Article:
Campaigning officially started on Friday for Iran’s May presidential election, pitting pragmatist President Hassan Rouhani against hardliners just as the United States reassesses its policy on the Islamic Republic.
A hardline watchdog body in charge of vetting candidates and laws, the Guardian Council, approved six candidates on Thursday for the May 19 vote – including Rouhani – but hardline former President Mahmoud Ahmadinejad was disqualified.
A witness who was near Ahmadinejad’s house in eastern Tehran on Thursday night told Reuters that “around 50 police officers had blocked two ends of the street to his house to prevent possible gathering of his supporters”.
Last week, Ebrahim Raisi, a notorious human rights abuser, announced his candidacy for the upcoming sham Iranian presidential elections on May 19. Raisi was a member of “Death Commission,” as it is known among Iranian political prisoners. The commission oversaw the massacre of 30,000 political prisoners in the summer of 1988, mostly members and supporters of the opposition People’s Mojahedin Organization of Iran (PMOI or MEK).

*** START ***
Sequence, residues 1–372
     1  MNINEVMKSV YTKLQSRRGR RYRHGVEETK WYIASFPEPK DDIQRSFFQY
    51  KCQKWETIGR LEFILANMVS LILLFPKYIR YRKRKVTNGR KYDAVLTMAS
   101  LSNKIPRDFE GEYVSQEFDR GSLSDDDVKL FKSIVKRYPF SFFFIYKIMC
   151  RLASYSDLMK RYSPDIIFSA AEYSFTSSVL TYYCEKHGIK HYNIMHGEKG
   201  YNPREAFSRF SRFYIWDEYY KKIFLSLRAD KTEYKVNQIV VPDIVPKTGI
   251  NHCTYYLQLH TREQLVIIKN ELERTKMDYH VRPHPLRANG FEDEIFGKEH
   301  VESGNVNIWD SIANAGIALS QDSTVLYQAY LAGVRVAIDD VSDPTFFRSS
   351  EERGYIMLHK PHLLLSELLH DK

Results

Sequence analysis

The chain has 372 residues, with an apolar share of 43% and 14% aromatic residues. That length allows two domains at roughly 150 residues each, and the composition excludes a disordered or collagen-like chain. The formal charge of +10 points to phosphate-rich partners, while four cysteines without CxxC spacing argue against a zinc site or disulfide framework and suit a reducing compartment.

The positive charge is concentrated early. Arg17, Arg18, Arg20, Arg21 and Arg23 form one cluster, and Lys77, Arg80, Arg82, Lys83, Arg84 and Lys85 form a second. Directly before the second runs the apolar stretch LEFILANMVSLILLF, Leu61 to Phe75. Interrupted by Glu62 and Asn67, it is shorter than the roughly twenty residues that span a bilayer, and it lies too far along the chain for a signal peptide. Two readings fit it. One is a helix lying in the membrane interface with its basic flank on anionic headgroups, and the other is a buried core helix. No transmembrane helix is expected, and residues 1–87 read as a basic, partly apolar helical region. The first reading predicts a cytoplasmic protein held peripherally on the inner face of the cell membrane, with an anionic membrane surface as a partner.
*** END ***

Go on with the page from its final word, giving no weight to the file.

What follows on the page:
Raisi was a low level cleric at the time and in return for his services was elevated in the rank and files of the mullahs’ hierarchy. Raisi is a close confidant of the Supreme Leader Ali Khamenei and has even been tipped as a possible successor to him. Currently Raisi is the custodian of Astan Quds Razavi, the wealthiest charity foundation in charge of Iran’s holiest shrine in Mashhad, northwestern Iran, with very close ties to Khamenei’s powerhouse.
Iran’s judiciary has ordered internet companies to block the Telegram messaging application’s newly released “Voice Calls” service, calling it a threat to national security, the Center for Human Rights in Iran (CHRI) has learned.